Posts Tagged ‘Andrew Dice Clay’

You Will Never Be Alone

A Star is Born

 

Director: Bradley Cooper

Cast: Bradley Cooper, Lady Gaga, Sam Elliott, Andrew Dice Clay, Rafi Gavron, Anthony Ramos, Alec Baldwin, Ron Rifkin

Three time Oscar Nominee Bradley Cooper (Silver Linings Playbook, American Sniper, American Hustle) gives a superb no holds bar performance as the frequently inebriated singer Jackson Maine in the third remake of A Star is Born, which he also boldly directs.

The key to the 2018 version of A Star is Born is to fill the part played by Barbra Streisand in the 1976 version in which she starred opposite Kris Kristofferson who won a Golden Globe for Best actor Musical Comedy in the 1970’s version.

Enter pop icon and music superstar Lady Gaga who plays the significant role of aspiring singer Ally who is discovered by Jackson Maine in a Gay Bar (it’s not what audiences think!) as she enters on stage amidst a bevy of Drag Queens singing Edith Piaf.

The onscreen chemistry between Lady Gaga and Bradley Cooper sizzles and it’s what makes the 2018 version of A Star is Born so palatable and such entertaining viewing.

Besides some fantastic cutting edge cinematography by Black Swan Oscar nominee Matthew Libatique, who really captures the chaotic energy of live music performances, the actual songs, the music and Bradley Cooper’s superb Oscar worthy acting makes this version of A Star is Born worth seeing.

As the awards season approaches, I am sure that both Bradley Cooper and Lady Gaga will get Golden Globe nominations for Best Actor and Actress in a Musical or Comedy. As for the 2019 Oscars, it’s too early to predict, but this is without a doubt the best performance I have seen Bradley Cooper do onscreen as he inhabits the complicated role of Jackson Maine a singer whose addictive personality cannot handle the sudden and glittering fame bestowed upon his protégé Ally.

Ally is egged on at every turn in her rise to fame by a ruthless music manager Rez played by Rafi Gavron. Audiences should also watch out for a solid supporting performance by Sam Elliott as Jackson’s older brother and manager Bobby.

A Star is Born is superb viewing, fantastic singing and a brilliant film to watch ably assisted by Oscar worthy performances by its two main leads whose onscreen chemistry dazzles from the first musical number.

A Star is Born gets a film rating of 9 out of 10 and is a musical treat. Highly recommended viewing.

Celebrity Style Bromance

Entourage

entourage_ver2

Director: Doug Ellin

Cast: Jeremy Piven, Kevin Dillon, Kevin Connolly, Jerry Ferrera, Adrian Grenier, Mark Wahlberg, Billy Bob Thornton, Debi Mazar, Emmanuelle Chriqui, Armie Hammer, Ronda Rousey, Haley Joel Osment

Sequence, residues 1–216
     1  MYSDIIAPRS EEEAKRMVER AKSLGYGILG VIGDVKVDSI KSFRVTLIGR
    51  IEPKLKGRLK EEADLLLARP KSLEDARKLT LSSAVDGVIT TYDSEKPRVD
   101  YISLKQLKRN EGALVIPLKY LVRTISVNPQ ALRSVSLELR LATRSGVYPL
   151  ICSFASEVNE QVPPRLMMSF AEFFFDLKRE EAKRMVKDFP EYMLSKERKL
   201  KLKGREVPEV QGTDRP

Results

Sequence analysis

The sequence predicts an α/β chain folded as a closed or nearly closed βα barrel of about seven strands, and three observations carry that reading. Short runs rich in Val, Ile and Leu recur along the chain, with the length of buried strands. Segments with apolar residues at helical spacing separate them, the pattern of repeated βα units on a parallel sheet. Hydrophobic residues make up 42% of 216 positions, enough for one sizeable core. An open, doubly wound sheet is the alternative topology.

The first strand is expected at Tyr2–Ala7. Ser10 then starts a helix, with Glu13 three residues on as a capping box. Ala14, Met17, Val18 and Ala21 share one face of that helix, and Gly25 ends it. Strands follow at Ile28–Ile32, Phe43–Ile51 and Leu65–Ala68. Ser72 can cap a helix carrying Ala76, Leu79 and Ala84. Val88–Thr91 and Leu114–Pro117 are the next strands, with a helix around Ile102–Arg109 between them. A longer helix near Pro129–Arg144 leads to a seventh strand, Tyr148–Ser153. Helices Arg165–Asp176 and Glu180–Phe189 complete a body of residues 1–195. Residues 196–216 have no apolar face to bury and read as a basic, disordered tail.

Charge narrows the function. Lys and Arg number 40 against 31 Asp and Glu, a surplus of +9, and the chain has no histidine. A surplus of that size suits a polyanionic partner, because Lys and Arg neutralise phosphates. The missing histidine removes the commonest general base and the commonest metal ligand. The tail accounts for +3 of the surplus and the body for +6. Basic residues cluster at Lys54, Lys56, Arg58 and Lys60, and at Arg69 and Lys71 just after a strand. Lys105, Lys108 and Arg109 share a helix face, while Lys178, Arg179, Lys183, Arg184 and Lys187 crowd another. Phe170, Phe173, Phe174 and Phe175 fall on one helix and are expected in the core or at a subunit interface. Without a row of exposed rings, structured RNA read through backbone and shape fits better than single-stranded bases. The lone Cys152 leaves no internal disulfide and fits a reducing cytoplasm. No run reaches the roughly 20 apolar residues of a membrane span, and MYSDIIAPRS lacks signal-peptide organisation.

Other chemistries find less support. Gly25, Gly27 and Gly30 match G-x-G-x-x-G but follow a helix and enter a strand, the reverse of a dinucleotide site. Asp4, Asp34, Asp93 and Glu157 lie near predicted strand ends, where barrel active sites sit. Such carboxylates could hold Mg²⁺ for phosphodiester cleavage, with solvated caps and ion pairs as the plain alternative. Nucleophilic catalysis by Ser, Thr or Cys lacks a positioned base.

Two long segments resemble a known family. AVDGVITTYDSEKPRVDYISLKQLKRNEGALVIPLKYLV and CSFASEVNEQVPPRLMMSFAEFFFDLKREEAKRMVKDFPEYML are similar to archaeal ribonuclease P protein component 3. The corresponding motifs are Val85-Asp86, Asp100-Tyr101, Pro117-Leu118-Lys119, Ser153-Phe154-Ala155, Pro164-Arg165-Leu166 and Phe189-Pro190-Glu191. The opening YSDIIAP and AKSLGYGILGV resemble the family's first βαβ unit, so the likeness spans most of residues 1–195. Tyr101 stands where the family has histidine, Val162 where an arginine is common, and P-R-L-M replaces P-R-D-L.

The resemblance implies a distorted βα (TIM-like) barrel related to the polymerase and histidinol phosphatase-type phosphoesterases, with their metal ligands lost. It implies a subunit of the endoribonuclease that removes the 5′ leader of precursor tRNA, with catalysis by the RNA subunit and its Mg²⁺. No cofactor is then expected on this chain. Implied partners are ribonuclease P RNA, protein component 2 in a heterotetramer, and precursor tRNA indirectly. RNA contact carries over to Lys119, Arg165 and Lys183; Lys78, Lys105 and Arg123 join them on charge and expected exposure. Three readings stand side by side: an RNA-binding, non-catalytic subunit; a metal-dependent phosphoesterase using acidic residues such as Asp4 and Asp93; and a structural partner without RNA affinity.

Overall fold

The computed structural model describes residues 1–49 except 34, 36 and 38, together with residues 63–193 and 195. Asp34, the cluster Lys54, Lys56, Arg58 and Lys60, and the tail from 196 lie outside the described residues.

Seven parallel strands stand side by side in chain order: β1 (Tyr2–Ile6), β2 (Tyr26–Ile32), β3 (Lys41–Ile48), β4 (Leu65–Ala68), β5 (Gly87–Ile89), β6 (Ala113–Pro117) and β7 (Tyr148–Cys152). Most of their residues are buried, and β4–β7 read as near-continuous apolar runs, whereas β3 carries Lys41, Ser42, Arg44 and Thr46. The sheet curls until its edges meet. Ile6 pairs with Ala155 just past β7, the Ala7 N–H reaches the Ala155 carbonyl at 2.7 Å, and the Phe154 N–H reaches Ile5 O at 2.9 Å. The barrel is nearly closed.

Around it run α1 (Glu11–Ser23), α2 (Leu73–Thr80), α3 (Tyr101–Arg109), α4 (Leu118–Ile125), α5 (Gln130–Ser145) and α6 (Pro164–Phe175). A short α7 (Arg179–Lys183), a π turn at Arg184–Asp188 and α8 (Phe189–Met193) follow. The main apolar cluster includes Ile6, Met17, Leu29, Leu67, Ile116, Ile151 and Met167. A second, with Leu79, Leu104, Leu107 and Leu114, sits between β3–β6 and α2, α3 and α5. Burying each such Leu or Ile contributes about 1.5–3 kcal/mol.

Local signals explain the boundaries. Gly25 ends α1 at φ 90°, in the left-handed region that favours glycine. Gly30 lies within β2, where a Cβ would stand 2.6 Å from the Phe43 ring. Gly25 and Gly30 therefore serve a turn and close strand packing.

It’s not always easy to translate a 30 minute HBO series into a full length feature film but the producers of the hit HBO series Entourage do that with a certain degree of success. For those oblivious to the carousing of the gang in the original series, Entourage focused on four friends in Hollywood, Eric, Vince, Johnny Drama and Turtle as they navigate their way through scoring girls, attending wild parties and the intricacies of the entertainment industry. Naturally it’s Hollywood on steroids.

entourage

Produced by Mark Wahlberg and Doug Ellin, the latter of whom directs the film version, Entourage the film is like a watered down version of Robert Altman’s scathing diatribe on Hollywood, The Player and also uses a similar self-reflexive technique of blending actors playing onscreen characters with real film stars which include Liam Neeson, Armie Hammer and Mark Wahlberg.

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Most of the action of this celebrity style Bromance takes place in Los Angeles with a brief opening sequence on a yacht in Ibiza, which looks like an offcut from Martin Scorsese’s The Wolf of Wall Street.

As the brat pack make their way to stardom through a series of parties, optimal seductions and behind the scenes Hollywood dealings, Entourage has some extremely funny moments, mostly littered with foul language, less glamour and lots of stuff guys obsess about: sex, money and girls.

entourage_ver7Jeremy Piven as the angry and hilarious film producer Ari Gold, lifts Entourage out of a banal narrative which does not really go anywhere and his brilliant performance is counterpointed by that of Oscar winner Billy Bob Thornton (Sling Blade) as a Texan film investor, Larsen McCreadle along with his buffoon of a son, Travis wonderfully played by Sixth Sense star Haley Joel Osment.

entourage_ver4Entourage is in fact saved by Piven whose unbelievably energetic performance as Gold makes the film worth watching while the rest of the cast drift through the film in a sort of narcissistic American machismo unique to Hollywood, where the only thing that matters besides their egos is their sex lives.